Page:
The head gasket helps form the top of the combustion chamber by sealing the cylinder head to the engine block. Hence, when the head gasket is blown, oil can easily enter the combustion chamber.
Because issues with the head gasket can sometimes cost thousands of dollars to fix, it is vital to make sure that you identify the issue early enough as it will be cheaper to repair.
5. Broken Piston
A broken or cracked piston is another common cause of ending up with oil on your spark plugs. As the piston heats up during its normal operation, sometimes the heat can become too much and hence leading to cracks.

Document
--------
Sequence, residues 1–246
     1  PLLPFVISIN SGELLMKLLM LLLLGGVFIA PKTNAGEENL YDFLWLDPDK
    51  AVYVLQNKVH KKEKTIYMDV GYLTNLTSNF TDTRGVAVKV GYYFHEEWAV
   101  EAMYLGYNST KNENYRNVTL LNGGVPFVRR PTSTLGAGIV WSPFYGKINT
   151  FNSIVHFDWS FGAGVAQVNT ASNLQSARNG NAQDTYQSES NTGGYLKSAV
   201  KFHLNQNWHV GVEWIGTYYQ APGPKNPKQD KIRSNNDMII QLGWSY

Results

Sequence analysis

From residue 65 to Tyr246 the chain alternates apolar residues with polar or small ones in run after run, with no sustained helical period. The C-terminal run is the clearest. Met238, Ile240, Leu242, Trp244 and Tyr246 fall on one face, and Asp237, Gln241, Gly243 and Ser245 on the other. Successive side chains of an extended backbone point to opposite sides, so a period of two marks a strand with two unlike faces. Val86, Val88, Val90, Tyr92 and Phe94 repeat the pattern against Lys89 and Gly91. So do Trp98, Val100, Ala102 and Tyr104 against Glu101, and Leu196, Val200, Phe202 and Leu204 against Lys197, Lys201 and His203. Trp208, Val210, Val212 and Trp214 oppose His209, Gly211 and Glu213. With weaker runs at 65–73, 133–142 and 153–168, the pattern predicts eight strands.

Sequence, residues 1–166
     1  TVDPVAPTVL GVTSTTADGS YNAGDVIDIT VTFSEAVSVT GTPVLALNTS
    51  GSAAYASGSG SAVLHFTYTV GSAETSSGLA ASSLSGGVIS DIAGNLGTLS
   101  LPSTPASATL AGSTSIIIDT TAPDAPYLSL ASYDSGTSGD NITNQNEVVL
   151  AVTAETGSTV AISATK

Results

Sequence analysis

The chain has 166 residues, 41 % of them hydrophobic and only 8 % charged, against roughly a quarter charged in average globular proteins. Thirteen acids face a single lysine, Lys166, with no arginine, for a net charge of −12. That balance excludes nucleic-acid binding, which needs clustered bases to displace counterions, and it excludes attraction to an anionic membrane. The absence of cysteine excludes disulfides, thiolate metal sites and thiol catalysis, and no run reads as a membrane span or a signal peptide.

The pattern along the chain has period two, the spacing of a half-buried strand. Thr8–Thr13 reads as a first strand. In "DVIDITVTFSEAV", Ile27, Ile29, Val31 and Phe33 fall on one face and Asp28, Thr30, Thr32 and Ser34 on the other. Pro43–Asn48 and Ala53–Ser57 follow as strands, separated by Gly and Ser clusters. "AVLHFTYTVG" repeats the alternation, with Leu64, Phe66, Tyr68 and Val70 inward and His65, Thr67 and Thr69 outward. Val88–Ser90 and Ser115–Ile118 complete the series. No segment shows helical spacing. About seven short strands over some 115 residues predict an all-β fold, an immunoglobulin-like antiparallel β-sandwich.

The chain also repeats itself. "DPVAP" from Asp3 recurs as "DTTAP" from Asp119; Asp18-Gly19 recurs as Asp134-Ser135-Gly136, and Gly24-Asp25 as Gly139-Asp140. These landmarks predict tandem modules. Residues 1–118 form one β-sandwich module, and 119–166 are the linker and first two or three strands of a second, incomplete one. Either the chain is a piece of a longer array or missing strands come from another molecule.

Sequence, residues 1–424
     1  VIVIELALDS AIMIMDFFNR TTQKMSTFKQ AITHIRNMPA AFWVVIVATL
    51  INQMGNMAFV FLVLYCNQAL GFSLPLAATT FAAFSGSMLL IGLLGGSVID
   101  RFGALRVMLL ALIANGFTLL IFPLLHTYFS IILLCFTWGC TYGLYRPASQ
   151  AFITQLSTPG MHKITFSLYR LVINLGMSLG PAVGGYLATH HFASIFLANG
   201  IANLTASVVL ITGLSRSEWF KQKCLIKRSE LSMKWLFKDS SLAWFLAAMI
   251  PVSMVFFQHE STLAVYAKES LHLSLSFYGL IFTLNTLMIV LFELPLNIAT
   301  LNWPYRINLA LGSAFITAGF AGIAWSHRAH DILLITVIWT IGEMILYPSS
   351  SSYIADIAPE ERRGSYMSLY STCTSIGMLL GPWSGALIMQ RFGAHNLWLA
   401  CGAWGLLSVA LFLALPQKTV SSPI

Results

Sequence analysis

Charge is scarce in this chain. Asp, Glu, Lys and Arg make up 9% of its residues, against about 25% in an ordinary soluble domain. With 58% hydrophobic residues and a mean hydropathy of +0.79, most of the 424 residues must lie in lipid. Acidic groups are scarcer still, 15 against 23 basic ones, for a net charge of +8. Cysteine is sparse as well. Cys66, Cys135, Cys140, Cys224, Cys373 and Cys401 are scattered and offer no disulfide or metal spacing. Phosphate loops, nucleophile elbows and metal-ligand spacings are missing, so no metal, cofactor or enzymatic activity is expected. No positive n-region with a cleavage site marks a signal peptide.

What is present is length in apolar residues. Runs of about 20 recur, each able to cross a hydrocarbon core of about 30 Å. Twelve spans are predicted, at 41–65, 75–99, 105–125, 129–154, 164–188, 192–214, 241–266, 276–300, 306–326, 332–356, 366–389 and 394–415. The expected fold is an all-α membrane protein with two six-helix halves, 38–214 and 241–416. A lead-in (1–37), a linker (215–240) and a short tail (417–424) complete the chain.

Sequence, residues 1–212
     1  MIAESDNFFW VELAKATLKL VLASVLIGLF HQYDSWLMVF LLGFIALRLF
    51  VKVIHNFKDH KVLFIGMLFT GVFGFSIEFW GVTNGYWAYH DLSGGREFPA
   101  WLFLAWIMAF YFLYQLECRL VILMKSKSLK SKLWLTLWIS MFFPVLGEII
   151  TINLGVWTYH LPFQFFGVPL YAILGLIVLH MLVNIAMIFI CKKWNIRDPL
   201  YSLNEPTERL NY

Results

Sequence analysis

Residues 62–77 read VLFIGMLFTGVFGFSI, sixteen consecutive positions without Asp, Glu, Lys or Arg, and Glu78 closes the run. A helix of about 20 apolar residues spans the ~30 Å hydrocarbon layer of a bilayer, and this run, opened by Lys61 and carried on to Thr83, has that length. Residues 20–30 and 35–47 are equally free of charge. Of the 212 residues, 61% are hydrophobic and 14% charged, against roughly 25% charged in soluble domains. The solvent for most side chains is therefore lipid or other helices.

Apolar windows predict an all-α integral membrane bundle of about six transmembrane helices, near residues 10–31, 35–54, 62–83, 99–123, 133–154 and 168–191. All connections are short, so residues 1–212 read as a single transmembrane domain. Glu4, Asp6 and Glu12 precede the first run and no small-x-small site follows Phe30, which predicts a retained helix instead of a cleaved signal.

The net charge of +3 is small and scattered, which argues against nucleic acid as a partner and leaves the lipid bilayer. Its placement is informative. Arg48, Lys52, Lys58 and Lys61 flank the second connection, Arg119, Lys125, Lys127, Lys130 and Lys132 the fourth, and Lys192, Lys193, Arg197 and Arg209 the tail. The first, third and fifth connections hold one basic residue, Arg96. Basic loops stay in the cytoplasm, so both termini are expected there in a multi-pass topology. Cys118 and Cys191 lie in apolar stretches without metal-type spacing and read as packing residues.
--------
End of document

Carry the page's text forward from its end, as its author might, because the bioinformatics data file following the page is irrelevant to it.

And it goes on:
The cracks on the piston can provide space for the oil to leak through and into the combustion chamber, which means it will often also end up on the spark plugs.
You can easily tell when you have a broken piston by watching out for things like engine misfire, rattling noise as the car is running and significant power loss.
A broken piston has the potential to cause permanent vehicle damage if you do not replace it immediately. Also, the more you wait, the more you will end up having to pay to resolve the piston problem.
6. Damaged Piston Compression Rings
Besides a cracked piston, damage to the compression rings will also result in oil on your spark plugs as the engine oil can leak through.
Compression rings will be at both the top and bottom of the engine, and they are what will prevent the engine oil from leaking into the combustion chamber.